I have no idea of when this bear market will end. I have no crystal ball. But I was not remembering what has to happen for it to officially end. The purpose of this post is to describe that event.
We can only have a bull market or a bear market. There is nothing in between. The S&P 500 – the index that tracks the market value of the top 500 stocks – became a bear market because the index dropped 20% below its previous peak. The S&P 500 index closed at 4,796.56 on January 3. It closed this past Monday at 3,749.63. That’s more than a 20% decline.
The S&P 500 will become a bull market when it closes on a day when it has increased 20% above its previous low point.
== We won’t be whole ==
That will mean we will be in a bull market before we get back to the peak on January 3. I think you remember the math: it takes a greater percentage increase to gain back the percentage decline. If you had a $100 and it declined by 20% or $20 to $80, you need a 25% increase to grow by $20 to get back to $100. The steeper the percentage decline, the greater the percentage increase you need to get back whole.
If the decline from the peak was 20% to be then be an official bear market and then immediately improved 20% to then be an official bull market, you’d still be 4% below the peak.
And we know that the decline as of yesterday is greater, so a 20% increase from that point leaves you 8% below the peak.
== Thinking real ==
The usual math ignores inflation. We nest eggers always try to think real. We track our portfolio value and return rates by eliminating the distortion of inflation. We’ve had almost 5% inflation since December, so we’ve really had nearly -27% real decline in the S&P 500 portion of our stock portfolio as of yesterday. Ouch. It’s a big lift to get back.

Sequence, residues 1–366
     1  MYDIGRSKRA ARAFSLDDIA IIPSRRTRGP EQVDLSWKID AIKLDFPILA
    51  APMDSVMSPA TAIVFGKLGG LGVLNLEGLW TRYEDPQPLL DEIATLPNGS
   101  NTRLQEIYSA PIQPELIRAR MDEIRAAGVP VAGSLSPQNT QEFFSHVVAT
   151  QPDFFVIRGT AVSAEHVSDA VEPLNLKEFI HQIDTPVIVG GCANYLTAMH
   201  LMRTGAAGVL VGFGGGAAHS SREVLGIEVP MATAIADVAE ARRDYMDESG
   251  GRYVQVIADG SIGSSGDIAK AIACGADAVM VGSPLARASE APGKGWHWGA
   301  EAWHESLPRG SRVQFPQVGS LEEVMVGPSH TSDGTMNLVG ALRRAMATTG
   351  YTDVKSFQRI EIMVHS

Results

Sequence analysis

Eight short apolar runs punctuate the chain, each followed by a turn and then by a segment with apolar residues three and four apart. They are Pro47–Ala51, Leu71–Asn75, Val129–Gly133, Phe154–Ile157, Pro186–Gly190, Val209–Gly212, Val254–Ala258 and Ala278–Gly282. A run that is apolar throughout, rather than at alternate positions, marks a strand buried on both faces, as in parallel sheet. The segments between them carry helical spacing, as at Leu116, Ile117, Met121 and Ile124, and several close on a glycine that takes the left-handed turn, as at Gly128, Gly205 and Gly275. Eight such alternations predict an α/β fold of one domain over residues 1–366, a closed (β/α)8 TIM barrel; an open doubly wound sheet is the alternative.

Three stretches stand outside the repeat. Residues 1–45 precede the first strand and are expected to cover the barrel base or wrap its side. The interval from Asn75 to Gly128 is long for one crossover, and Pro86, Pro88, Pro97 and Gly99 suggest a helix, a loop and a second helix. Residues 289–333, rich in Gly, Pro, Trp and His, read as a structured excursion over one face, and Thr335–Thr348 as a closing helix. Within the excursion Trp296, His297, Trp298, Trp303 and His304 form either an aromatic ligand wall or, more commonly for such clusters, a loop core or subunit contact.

It may take more time to reach the low point. It will take time to see a nominal 20% increase from that low to then be a bull market. Each month inflation will nibble at the the spending power of our portfolio. We’ll really have a greater distance – more time – to go truly reach a bull market and to truly get back to the January 3 level.
== I ignore the Jan 3 peak ==
Our brains always focus about the change from the peak, but January 3 is not the peak that concerns me. I’m concerned about 12-month real returns and real portfolio value on November 30, the date I use to see if our Safe Spending Amount (SSA; see Chapter 2, Nest Egg Care) will only adjust for inflation or if it will increase in real terms. My peak is 3% below the January 3 peak. I don’t have to come back quite as far, but it is still a distance. It looks now as if I won’t calculate to a real increase in our Safe Spending Amount for 2023, but that’s Okay. Patti and I are more than fine with what we pay ourselves now.
Conclusion. We entered a bear market this week. The market is 20% below a prior peak on January 3 this year. We can only be in a bear market or a bull market. We get back to a bull market when the market closes at 20% above its prior low point. Even if the market turns on a dime now, a 20% increase and the declaration of a bull market doesn’t get us back to the prior peak. The math tells us we need a greater percentage increase to gain back the decline.
The descriptors of bear and bull markets ignore inflation. Month by month inflation is nibbling away at our portfolio value. The portion of our portfolio represented by the S&P 500 really declined by 20% before this past Monday. When they announce we’re back to a bull market, it won’t really be a 20% increase from the prior low.